About Nancy

Nancy Moore

I am a master’s degree graduate (acupuncture and Chinese herbal medicine) of the New England School of Acupuncture, the oldest school of acupuncture in the U.S., and am licensed as an East Asian medicine practitioner in Washington state, with a full practice in Bellingham. I am trained in both Traditional Chinese Medicine (TCM) style and Japanese acupuncture and am a diplomate of the National Certification Commission for Acupuncture and Oriental Medicine, which governs national standards of professionalism in this field. In addition, I am a nationally certified massage therapist, a graduate of the Potomac Massage Training Institute in Washington, D.C.

Personal experience with acupuncture’s swift, powerful healing abilities for my own debilitating jaw pain many years ago led me to explore ancient teachings and philosophies that resonated with my own world view.

My work in the healing arts has been reinforced by the practice of yoga, tai chi, qi gong, and meditation. My intent in my practice is to work in partnership with each individual to integrate body, mind, and spirit through attention to diet, physical activity, posture, breathing, and emotional health.

My practice includes diverse approaches that will support this partnership, particularly a careful combination of acupuncture, Chinese herbs, and hands-on modalities when indicated. Especially important to me is to know how individuals experience their symptoms, what meaning these symptoms hold in their lives, and how they cope.

I view acupuncture and herbal medicine not as simply tools in a bag to try to “fix” a complaint but as a way to heal deeper lifestyle imbalances that cause pain and ill health. Integral to my practice is my longstanding and firm belief in the connectedness of all things.

The Story of the Badger


In the 1980s I was working at Gallaudet University in Washington, D.C. as editor of the university’s award-winning magazine and manager of editorial services for the entire campus. I was under constant deadline pressure and a good deal of stress, I was not fulfilled by institutional writing, and I began grinding my teeth and clenching my jaw. This created severe head, neck, and shoulder pain, to the point where I could no longer chew solid food. I was subsisting on soup, yogurt, mashed bananas, and other soft foods, and even then I was in constant pain. On a scale of 1 to 10 (10 being terrible), my pain would often go to 12 or 15, especially at night. At times, in the wee hours, I felt unable to go on.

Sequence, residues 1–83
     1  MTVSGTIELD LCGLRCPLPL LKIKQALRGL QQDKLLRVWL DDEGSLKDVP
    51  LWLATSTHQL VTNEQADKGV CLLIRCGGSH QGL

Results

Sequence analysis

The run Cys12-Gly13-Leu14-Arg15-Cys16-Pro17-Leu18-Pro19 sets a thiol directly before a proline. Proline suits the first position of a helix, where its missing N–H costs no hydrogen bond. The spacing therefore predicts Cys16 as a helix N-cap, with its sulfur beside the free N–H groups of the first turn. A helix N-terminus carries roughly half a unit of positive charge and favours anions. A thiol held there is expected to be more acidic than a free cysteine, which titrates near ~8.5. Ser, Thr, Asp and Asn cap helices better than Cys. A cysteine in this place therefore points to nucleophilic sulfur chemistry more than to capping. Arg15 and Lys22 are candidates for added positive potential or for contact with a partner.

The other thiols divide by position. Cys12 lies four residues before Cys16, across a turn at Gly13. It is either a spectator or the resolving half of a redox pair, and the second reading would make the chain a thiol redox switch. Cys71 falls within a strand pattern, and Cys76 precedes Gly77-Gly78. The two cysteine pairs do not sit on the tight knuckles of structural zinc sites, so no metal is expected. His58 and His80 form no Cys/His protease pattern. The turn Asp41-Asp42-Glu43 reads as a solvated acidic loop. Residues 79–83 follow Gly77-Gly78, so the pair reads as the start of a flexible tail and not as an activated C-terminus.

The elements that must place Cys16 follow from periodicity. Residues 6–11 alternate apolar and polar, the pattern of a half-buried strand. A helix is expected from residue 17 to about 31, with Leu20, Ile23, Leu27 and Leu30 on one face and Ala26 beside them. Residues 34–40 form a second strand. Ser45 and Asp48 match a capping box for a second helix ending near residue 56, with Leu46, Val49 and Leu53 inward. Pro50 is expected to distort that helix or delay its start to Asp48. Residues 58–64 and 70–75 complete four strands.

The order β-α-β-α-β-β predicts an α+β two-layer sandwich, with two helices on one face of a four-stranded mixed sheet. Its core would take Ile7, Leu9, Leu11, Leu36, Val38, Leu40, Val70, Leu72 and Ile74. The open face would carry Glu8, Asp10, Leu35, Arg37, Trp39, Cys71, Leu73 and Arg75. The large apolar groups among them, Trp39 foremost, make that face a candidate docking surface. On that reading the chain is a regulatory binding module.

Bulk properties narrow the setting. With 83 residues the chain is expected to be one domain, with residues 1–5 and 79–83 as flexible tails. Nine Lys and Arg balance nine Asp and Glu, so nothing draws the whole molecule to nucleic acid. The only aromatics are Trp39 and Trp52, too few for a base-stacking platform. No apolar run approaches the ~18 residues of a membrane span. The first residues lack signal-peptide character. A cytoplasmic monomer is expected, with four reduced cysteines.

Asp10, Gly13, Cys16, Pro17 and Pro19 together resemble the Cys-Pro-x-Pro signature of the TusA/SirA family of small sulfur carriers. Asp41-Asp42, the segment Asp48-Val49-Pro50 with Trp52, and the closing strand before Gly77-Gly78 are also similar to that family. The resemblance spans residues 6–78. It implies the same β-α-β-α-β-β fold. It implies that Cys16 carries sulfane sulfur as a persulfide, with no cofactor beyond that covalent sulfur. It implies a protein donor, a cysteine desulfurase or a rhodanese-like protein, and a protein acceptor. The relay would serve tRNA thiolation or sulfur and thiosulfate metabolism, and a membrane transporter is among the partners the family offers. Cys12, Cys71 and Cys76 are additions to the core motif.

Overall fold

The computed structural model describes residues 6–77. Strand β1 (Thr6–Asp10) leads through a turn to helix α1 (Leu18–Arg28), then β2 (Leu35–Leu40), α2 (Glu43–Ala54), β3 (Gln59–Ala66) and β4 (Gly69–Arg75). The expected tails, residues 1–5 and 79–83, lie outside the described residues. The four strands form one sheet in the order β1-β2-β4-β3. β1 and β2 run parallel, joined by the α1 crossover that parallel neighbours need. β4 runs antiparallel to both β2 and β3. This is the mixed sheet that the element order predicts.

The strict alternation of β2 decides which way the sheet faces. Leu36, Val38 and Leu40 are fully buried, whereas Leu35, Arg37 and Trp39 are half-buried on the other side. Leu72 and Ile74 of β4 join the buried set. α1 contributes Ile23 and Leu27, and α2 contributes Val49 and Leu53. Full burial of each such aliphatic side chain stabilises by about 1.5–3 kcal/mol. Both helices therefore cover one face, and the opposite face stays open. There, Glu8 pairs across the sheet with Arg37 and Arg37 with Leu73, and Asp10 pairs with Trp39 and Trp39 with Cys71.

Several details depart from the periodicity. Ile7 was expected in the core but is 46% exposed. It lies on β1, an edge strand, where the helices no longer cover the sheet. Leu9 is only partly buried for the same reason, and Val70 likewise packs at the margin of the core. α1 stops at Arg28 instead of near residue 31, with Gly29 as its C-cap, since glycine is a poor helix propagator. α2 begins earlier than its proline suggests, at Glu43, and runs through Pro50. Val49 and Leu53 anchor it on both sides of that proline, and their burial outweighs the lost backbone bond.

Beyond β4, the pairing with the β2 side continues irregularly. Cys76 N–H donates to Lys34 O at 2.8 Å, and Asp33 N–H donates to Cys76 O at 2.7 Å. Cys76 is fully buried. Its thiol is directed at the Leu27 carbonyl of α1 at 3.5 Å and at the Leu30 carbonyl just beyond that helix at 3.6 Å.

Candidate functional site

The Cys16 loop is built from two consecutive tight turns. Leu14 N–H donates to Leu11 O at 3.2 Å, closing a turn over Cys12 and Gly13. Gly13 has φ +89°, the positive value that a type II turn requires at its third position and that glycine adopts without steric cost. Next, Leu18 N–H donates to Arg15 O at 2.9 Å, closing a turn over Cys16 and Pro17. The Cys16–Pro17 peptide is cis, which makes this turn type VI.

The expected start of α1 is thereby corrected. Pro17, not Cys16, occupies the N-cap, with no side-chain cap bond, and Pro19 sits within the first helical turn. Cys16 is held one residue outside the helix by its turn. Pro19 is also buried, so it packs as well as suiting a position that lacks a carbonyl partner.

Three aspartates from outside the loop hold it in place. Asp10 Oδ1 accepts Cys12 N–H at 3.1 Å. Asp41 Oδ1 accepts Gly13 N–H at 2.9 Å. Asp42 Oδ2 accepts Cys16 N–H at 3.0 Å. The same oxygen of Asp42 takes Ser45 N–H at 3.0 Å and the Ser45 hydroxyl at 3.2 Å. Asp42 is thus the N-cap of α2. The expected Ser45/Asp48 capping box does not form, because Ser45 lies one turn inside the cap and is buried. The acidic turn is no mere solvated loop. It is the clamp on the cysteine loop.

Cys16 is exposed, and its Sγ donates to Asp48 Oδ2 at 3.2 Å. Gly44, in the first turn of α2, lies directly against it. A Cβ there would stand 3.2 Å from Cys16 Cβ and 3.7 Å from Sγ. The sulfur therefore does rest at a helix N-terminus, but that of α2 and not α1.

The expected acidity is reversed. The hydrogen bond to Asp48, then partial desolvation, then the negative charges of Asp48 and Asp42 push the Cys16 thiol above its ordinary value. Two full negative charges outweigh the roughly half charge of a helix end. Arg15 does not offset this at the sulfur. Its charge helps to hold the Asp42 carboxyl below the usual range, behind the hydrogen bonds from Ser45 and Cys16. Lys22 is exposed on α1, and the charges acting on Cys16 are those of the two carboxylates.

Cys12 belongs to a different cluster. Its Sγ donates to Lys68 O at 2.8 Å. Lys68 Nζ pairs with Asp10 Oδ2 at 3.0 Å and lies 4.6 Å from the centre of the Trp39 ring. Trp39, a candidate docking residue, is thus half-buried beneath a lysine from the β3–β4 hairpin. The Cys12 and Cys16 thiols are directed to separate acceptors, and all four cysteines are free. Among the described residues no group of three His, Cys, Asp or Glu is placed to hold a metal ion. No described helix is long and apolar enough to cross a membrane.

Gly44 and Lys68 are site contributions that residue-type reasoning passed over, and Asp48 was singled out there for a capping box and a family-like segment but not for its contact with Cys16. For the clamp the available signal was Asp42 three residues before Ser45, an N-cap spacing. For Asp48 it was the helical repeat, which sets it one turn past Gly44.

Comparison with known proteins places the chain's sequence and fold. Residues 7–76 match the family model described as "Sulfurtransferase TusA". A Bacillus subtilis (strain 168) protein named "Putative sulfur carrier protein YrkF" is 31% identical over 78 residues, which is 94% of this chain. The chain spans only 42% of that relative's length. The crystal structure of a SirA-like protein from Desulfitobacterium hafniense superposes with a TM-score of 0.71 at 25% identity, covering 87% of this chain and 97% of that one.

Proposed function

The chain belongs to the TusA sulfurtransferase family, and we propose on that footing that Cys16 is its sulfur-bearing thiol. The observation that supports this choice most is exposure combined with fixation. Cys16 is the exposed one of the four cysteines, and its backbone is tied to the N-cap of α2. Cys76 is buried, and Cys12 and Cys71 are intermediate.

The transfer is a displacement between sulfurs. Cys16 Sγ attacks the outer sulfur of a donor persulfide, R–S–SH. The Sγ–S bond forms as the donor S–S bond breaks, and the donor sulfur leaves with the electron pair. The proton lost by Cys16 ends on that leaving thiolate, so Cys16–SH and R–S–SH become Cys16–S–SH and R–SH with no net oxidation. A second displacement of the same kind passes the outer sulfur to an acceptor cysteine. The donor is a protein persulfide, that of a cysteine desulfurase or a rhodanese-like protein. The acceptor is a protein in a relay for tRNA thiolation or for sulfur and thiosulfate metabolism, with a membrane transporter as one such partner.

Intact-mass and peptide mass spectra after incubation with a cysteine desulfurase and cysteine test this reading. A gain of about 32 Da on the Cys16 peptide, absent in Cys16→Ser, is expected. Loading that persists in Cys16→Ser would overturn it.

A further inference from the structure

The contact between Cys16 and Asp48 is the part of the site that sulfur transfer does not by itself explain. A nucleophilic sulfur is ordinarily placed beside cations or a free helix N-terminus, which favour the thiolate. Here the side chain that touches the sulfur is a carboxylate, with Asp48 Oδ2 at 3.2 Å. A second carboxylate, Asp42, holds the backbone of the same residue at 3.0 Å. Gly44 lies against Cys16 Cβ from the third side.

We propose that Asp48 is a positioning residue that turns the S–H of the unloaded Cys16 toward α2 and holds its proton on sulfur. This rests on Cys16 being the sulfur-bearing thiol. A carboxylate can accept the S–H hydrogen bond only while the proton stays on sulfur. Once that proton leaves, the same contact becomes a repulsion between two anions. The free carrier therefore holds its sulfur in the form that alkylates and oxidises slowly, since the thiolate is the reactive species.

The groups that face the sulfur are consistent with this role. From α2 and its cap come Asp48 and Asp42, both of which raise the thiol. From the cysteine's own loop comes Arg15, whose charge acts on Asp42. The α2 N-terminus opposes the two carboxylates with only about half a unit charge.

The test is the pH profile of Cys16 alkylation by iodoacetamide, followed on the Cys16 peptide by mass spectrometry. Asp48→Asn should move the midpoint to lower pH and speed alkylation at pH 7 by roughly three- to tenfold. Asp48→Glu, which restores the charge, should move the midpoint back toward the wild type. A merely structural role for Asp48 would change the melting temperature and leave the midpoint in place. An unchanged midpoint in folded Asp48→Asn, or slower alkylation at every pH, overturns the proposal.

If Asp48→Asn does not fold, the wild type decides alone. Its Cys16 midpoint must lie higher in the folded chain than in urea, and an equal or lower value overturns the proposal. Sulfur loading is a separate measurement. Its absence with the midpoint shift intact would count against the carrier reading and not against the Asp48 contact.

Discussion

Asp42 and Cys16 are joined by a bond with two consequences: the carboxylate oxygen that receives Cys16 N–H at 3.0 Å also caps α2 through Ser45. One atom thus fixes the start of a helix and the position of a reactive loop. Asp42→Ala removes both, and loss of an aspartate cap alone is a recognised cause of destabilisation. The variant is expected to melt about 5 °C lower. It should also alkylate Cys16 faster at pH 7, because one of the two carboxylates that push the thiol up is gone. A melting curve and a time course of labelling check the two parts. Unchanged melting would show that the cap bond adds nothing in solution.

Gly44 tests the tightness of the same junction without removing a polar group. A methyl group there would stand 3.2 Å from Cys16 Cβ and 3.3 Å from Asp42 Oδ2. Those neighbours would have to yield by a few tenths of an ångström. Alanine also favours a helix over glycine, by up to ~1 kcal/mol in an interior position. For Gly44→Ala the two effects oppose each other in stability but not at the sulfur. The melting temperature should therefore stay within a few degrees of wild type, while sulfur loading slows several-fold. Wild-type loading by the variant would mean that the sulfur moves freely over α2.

I saw an orthodontist, who told me that I had temporomandibular joint (TMJ) dysfunction and would need oral surgery to section both upper and lower jaws and pull them forward, followed by several years of braces. I was in such despair that I signed up for the surgery. As the date approached, the orthodontist began telling me about the risks of the surgery, including potential facial paralysis. In alarm, at the last minute, I backed out. I decided I needed to find an alternative.

Around this time I impulsively attended a weekend retreat of shamanic drumming and guided meditation, during which attendees were instructed to ask for and visualize an animal guide to help lead us inward as we entered a trance-like state. Feeling a little skeptical, I sat with eyes closed, hoping for a sleek, exotic, animal to appear in my mind’s eye, something like a lynx or jaguar or panther. But what appeared quite clearly was a small, odd-looking, shaggy creature with long claws and big sharp teeth that was grubbing ferociously in dirt and leaves: a badger. I’d never seen a live badger before, but I recognized it immediately from some long-ago memory of a picture. And I was a little disappointed. What could this mean?